Two top executives at Dole are on the hook for $148 million after a judge ruled that CEO and chairman of the board David H. Murdock, and the company’s former chief operating officer, C. Michael Carter fraudulently drove down their company’s stock price so they could shortchange shareholders and buy the business on the cheap. [More]
Judge Says Top Dole Execs Owe Shareholders $148M For Driving Down Company’s Stock Price Before Buyout
Five months after American Express and Costco announced they would go their separate ways and end their exclusive relationship – essentially allowing members of the warehouse club to use other cards – shareholders for the credit card company have filed a lawsuit claiming it blindsided investors with the loss of the contract. [More]
For many years here at Consumerist, we developed a theory that the venerable department store Sears was secretly a vast anti-capitalist prank, which actively avoided selling merchandise. Its goal was something else: perhaps waiting for the retail real estate market to turn around and cash in the land and buildings that it owns. A group of Sears Holdings shareholders are starting to think the same thing, and they’ve filed a lawsuit against the company and its manifesto-writing CEO, Eddie Lampert. [More]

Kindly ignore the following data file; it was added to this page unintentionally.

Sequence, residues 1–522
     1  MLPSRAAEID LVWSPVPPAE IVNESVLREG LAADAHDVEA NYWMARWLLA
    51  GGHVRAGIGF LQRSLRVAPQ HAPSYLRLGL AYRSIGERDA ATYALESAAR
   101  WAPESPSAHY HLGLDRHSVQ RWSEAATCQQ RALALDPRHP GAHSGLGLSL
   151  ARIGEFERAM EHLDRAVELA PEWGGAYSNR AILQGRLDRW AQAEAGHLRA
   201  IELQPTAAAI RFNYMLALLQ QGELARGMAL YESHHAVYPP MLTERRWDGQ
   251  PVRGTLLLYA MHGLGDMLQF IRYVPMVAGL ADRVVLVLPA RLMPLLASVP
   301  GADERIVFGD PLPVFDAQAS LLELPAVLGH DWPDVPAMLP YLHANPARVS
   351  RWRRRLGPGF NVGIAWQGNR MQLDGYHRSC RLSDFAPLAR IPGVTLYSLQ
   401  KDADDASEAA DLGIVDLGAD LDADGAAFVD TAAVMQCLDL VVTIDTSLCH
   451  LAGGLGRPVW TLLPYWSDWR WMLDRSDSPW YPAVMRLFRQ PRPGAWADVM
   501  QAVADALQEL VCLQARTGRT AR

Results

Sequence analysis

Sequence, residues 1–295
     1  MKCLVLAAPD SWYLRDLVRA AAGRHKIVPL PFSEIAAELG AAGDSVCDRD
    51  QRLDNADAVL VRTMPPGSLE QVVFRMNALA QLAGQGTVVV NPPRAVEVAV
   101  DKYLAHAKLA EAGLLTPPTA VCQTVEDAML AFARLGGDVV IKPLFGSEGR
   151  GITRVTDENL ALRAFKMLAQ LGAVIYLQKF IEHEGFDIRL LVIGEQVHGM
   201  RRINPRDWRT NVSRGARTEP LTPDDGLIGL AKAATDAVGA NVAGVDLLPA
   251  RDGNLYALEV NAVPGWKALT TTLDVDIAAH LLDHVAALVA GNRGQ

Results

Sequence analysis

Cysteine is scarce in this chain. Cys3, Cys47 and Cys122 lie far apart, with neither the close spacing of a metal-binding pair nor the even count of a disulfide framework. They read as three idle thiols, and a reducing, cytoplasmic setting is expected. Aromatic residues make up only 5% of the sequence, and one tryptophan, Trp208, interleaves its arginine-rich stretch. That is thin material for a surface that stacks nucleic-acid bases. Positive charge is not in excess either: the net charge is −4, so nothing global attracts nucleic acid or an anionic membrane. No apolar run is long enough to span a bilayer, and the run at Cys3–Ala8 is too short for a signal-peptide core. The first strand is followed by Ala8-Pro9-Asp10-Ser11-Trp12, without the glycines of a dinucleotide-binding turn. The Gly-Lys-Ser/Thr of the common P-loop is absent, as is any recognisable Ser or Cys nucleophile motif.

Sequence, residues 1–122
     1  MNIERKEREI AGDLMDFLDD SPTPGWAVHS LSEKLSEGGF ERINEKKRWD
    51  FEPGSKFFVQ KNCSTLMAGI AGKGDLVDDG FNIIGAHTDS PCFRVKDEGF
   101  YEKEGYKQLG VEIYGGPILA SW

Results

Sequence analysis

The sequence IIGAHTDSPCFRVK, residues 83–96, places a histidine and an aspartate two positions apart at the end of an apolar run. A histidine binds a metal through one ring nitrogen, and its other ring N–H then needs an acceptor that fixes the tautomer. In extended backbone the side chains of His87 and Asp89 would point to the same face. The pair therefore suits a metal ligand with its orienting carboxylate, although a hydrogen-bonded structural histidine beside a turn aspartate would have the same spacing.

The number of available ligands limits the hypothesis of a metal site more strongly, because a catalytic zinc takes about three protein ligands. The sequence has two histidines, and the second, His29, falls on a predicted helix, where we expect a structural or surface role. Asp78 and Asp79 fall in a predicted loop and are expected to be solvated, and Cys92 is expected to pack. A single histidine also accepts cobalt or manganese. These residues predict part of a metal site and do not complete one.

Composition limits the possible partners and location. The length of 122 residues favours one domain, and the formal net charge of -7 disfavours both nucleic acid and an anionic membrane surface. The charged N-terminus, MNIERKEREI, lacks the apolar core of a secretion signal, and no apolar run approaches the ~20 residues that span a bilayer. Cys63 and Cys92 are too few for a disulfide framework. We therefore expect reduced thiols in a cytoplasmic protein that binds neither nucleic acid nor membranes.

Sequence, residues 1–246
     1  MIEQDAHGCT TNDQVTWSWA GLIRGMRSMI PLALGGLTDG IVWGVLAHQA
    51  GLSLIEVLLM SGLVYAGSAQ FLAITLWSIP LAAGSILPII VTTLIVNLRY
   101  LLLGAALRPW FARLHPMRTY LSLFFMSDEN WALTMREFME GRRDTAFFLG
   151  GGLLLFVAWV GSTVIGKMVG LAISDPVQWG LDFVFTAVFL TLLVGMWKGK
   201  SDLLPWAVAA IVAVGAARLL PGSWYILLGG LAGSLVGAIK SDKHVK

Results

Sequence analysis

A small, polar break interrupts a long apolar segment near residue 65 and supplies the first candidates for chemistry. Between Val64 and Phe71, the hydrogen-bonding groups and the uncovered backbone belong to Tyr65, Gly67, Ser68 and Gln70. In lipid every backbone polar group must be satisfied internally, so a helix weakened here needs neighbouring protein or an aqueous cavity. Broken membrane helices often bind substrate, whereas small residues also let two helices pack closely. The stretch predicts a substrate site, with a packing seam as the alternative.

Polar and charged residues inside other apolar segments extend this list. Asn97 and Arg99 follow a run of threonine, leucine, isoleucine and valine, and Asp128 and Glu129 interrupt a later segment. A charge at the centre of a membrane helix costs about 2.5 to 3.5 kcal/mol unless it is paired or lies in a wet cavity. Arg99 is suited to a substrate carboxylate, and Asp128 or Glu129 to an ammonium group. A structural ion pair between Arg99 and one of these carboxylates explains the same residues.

Verizon will deign to consider an advisory vote on executive compensation from shareholders starting in 2009. Shareholders demanded the right to vote on executive pay at last year’s annual meeting. Verizon CEO Ivan Seidenberg’s salary increased 11% last year to $21,309,264. Seidenberg’s salary has risen consistently, unlike Verizon’s profits.
Mattel’s shareholders are upset. A pension fund in Michigan has filed a shareholder lawsuit against the company, claiming that they mishandled product safety procedures and were therefor responsible for 3 toy recalls this summer. The lawsuit also alleges that executives with knowledge of the defects sold $33 million in stock before the recalls were announced.
Jennifer Lopez was the main attraction at Walmart’s 4 hour long “shareholder’s meeting”, along with American Idol winner Jordin Sparks and comedian Sinbad. Less important? The shareholders. Walmart allotted 3 minutes to each of the resolutions shareholders had put forward. Why was such little time available for shareholders to discuss the company they own? “Time-constraints!” Walmart had to make room for the following:
Members of the House Financial Services Committee, led by Rep. Barney Frank (D., Mass.), approved a bill last week that would give shareholders an advisory vote on pay.
Hey, remember all those debit cards and PINs that got stolen and stuff? Where hackers got into Office Max, made off with debit card accounts and encrypted PIN codes, decrypted the PINs, made counterfeit ATM cards, and withdraw lots of money and large amounts of people were forced to get their ATM card changed without anyone telling them the real reason why? Well, apparently Citigroup remembers too. Eventually.